Syrian hamster

Syrian Hamster | Lifestyle, Nutrition, Accommodation Know Everything

The Syrian hamster, also known as the stuffed hamster or the golden Hamster, is the largest and probably the most popular species of hamsters. They are commonly referred to as nocturnal (means that they sleep by day and are awake at night), but they are twilight animals, this means that they are more active during the Twilight hours (sunrise and darkening).

These rodents are good pets for children because of their small size and docile nature. The Syrians grow between 10 and 18 centimeters and live an average of 1 to 3 years. Although they are friendly with people, these hamsters are solitary animals, unlike dwarf hamsters, they will not tolerate living with another hamster!

Golder Hamster

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All About Syrian Hamster / Golden Hamster

Life Span

The Syrian hamsters usually live between 2 to 3 years if they are given the proper care, although it is known that they have lived between 1 and five years.

Nutrition

Syrian hamsters / Golden Hamster are usually feeding with pre-made hamster blend that contains several nuts, seeds, fruits and vegetables that are specifically designed to keep your hamster healthy. Other foods can be given to you but make sure it’s not more than 10% of your hamster’s calorie intake. Small amounts of fruits and vegetables can be given, but not chocolate or snacks for humans as they can be toxic to your small pet.

Also, avoid raw seeds or potatoes. Change your hamster’s food and water daily to keep it good and fresh.

Accommodation

Keep your Syrian hamster in the largest cage you can afford. Although these hamsters are small, they are very active and love to play. Cages with interconnected pipes and tunnels are great fun for hamsters as it mimics their natural burrowing habitat. The only problem is that they can be difficult to obtain and they make a lot of mess in the tunnels that can be difficult to clean. Try a multilevel cage, Syrian hamsters love to climb, and a cage with bars and extra levels offer a great opportunity for hamsters to entertain themselves.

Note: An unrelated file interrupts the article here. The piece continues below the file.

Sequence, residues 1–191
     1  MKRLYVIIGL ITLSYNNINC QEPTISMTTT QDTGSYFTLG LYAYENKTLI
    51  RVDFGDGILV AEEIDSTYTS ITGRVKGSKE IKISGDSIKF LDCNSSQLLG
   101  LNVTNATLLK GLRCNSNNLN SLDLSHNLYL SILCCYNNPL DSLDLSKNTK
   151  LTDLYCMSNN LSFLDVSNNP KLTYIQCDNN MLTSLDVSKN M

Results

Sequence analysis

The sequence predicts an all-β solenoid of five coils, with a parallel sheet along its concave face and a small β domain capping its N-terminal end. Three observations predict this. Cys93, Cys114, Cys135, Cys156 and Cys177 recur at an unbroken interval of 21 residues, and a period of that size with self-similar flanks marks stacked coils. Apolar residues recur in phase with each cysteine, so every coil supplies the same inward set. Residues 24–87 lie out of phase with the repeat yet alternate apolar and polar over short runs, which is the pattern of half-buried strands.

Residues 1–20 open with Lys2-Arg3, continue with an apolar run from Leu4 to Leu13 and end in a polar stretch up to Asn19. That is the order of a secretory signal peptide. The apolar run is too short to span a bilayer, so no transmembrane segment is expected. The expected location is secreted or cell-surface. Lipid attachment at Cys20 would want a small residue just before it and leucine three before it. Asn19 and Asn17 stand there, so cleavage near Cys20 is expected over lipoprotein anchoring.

A small water container can easily be used as a cage. Make sure the cage you buy has enough space for a bed and eating area. It should also be large enough to fit a mill as well as several toys and tunnels for your hamster to chew and play with.

Keep the cage in a quiet part of the house, away from the noise. Someplace like the hallway or the dining room are usually right places. Also keep the cage away from windows (especially plastic cages as they overheat with the sun) and away from hot spots or where the air runs. Keeping hamsters in the children’s room may be fine, but keep in mind that hamsters are awake at night.

Bed

Use a layer of wood shavings about 2 centimeters in the bottom of the box. In the rest area use a natural material. Clean the cage from the clutter every 1 to 2 days and do a thorough cleaning once a week. Use a pet-safe disinfectant to kill all bacteria and viruses.

Toys

Always give the hamsters some wood to chew to keep their teeth short. Provide other toys like climbing things and tunnels to keep the hamsters stimulated. Use a ball when they are out of the cage.

Make sure your hamster has a lot of things to do. Hamsters ‘ teeth grow for their whole lives, so they always need some wood to chew on. Buy particular animal products, the wood from the garden can be poisonous, moist, moldy and infested. Toys that do something are often better than just wood to chew. Good toys include tunnels, wooden houses, climbing toys, and mills. Toilet paper roll is also fun and cheap toys.

You can also put your hamster in a hamster ball to exercise it. Make sure the ball is big enough for the hamster not to curve his spine. Insert your hamster into the ball gently and if you don’t seem to like it stop using it. Game playpens are also great to use as a sure thing to use for your hamster to exercise and explore out of the cage. A water-free bathroom can also be a safe place to play with supervision.

Be careful when you leave your hamster chewing the home, they are known for chewing wires and finding small gaps where they escape and get lost as under the furniture, refrigerators, dishwashers, under the stairs, which are their favorite places. Changing the toys and putting them in different places can keep the hamster active and stimulated. If your hamster is chewing the cage, hide food around it. Wildly hamsters are foragers so eating a bowl is not natural for them. By hiding food in boxes, tubes, between the bars, under the bed, etc., allow your hamster to strive for his food, it will enjoy the challenge!

Company

Syrian hamsters or Golden Hamsters are solitary creatures and usually will not tolerate living with another hamster. Hamsters do not want to play together, and any attempt to mix hamsters can end in death. Often in the pet store, you will see the type of hamster living together, this is because they are young and have not yet reached maturity, in a few weeks it will be a different story. The only time adults are put together usually when they mate.

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